Experienced and professional moderators conducted the discussions. They were selected to be demographically as close as possible to the group characteristics and adhered to a detailed discussion guide (see Appendix A for a synopsis of the discussion guide). Discussions were audio-taped, with participants’ permission. The recordings were transcribed and translated (where applicable). The discussions lasted about two and a half hours, with a break and refreshments. All participants received a modest honorarium, as token of appreciation for the time they gave. Where required, Ipsos provided transport to and from the discussion venues.

Ipsos put a range of quality control measures in place to monitor all aspects of focus group rollout. Ipsos, along with the author-analyst and Freedom House, continuously monitored project implementation.

The discussions were conducted in the predominant language of each region, with English often mixed in. Black-African groups form the large majority (17 out of 27) of the project’s focus groups. Several groups of younger ages mixed participants from the four conventional racial categories (Johannesburg and Bloemfontein). In Cape Town the one Afrikaans language group was mainly colored with some white participants. In Pretoria the Afrikaans language group was white-only, in Pietermaritzburg the white-only group was of English background, and the Durban group was Indian-only. In more detail:

  • The groups were spread out across the nine provinces. Care was taken to disperse the groups across regions within provinces and not to settle for easily accessible and clustered selections (see map, p. viii). The groups covered metropolitan, city, urban, small-town and rural settings.
  • Demographically, the class breakdown of the groups shows that eight groups (Khayelitsha, Dysselsdorp, Garies, Barberton, Viking, Jozini, Whittlesea and Zeerust) were in the low LSM1–4 category. Ten groups (Heidedal, Theunissen, Thokoza, Diepsloot, Hammanskraal, Makana, Richards Bay, Johannesburg, Dispatch and Sannieshof) were in the mid-class categories of LSM5–7. Nine groups were in the upper class of LSM8–10, but four of them (Cape Town mixed-minority [Cape Town-MM], Modimolle, Pietermaritzburg and Bloemfontein) actually straddled the middle and upper groups, running on LSM5–9. The Executive group focused exclusively on the LSM10 category.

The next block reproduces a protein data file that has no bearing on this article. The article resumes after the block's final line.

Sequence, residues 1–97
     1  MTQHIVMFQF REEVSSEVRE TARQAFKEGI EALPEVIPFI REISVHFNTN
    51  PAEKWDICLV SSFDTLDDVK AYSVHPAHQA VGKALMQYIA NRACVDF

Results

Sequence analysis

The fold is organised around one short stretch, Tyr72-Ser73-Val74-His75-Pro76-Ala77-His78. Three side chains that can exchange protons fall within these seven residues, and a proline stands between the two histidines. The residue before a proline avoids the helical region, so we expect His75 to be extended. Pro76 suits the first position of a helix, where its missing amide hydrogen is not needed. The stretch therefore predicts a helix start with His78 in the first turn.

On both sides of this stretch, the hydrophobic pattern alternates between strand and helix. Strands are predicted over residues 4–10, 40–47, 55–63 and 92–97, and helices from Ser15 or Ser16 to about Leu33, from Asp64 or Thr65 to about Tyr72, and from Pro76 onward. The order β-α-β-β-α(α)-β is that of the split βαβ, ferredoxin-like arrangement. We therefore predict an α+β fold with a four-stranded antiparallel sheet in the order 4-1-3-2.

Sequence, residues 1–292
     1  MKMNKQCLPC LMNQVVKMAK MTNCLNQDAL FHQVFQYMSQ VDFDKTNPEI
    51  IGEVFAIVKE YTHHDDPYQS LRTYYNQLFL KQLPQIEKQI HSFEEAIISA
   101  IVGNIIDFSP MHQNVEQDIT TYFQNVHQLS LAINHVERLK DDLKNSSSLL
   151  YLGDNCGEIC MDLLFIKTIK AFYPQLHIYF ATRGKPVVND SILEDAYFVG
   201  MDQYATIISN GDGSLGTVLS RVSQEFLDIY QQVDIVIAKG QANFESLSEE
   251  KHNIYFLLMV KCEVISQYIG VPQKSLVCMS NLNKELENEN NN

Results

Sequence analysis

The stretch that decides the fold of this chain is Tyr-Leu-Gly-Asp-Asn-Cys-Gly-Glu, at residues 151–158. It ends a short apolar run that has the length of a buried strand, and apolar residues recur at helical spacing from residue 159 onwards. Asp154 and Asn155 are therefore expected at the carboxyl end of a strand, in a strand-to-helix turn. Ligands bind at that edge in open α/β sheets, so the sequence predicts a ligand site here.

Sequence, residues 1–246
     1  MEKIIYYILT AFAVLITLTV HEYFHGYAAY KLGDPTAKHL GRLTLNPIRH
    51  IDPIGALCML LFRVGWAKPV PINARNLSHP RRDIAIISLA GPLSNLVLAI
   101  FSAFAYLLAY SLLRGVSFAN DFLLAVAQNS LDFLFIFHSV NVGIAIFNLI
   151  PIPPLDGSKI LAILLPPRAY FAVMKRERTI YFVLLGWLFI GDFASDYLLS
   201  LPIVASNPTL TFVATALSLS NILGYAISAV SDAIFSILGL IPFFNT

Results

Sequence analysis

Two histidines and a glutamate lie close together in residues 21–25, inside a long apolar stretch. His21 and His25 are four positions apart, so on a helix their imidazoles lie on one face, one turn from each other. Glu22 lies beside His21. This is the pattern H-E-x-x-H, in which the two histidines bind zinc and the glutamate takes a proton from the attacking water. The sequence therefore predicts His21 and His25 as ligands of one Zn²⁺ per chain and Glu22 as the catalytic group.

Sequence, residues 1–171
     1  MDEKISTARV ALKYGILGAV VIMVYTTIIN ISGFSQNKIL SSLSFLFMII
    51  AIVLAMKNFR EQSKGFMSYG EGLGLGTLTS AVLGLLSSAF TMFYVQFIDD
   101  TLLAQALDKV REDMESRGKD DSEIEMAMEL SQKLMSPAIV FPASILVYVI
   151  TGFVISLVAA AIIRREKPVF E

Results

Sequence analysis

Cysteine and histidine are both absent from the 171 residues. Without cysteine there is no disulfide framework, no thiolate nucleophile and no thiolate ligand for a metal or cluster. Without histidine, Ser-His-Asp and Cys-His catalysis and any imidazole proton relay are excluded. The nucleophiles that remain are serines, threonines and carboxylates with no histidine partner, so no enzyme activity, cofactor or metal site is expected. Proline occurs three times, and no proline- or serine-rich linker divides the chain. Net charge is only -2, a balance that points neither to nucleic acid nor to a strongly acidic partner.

• In terms of age, the youth groups (ages 18–25) were the seven groups of Diepsloot, Emalahleni, Dysselsdorp, Richards Bay, Pilot, Bloemfontein and Makana.
  • Eleven of the groups were mixed-gender. This was amongst younger people in modern or urban settings where mixed-gender status is unlikely to impact discussions. Seven further groups were female only and nine male only. The slight imbalance is due to the additional Free State group and the decision to make the Executive group male only. In total, just under half of participants were women.

1.3 Use of quotations in this report

This report is about the voices of ‘ordinary’ South Africans. The focus group data enabled the researcher-analyst to ‘step into the minds’ of South Africans and describe trends based on the participants’ own words. The report uses direct quotations to illustrate the arguments, reproducing as many as possible without unnecessary duplication. When similar quotations appear it is to indicate the spread of perceptions across geographic and demographic boundaries.

The experiences, observations and words of South Africans, across a wide range of geographic areas and demographics, thus stand central to the analysis. The quotations are given as close as possible to the original words, which often had to be translated to English. The participants’ words are not censored or filtered. Because the quotes try to capture participants’ words as closely as possible, grammatical errors do appear. When the report only captures a snippet of avalanches of comments, repeated in several groups, the analysis notes this. The reported quotations remain by and large only a small segment of the totality of quotations on the theme at hand. They are selected, however, because one individual or group’s words depict the broader trends.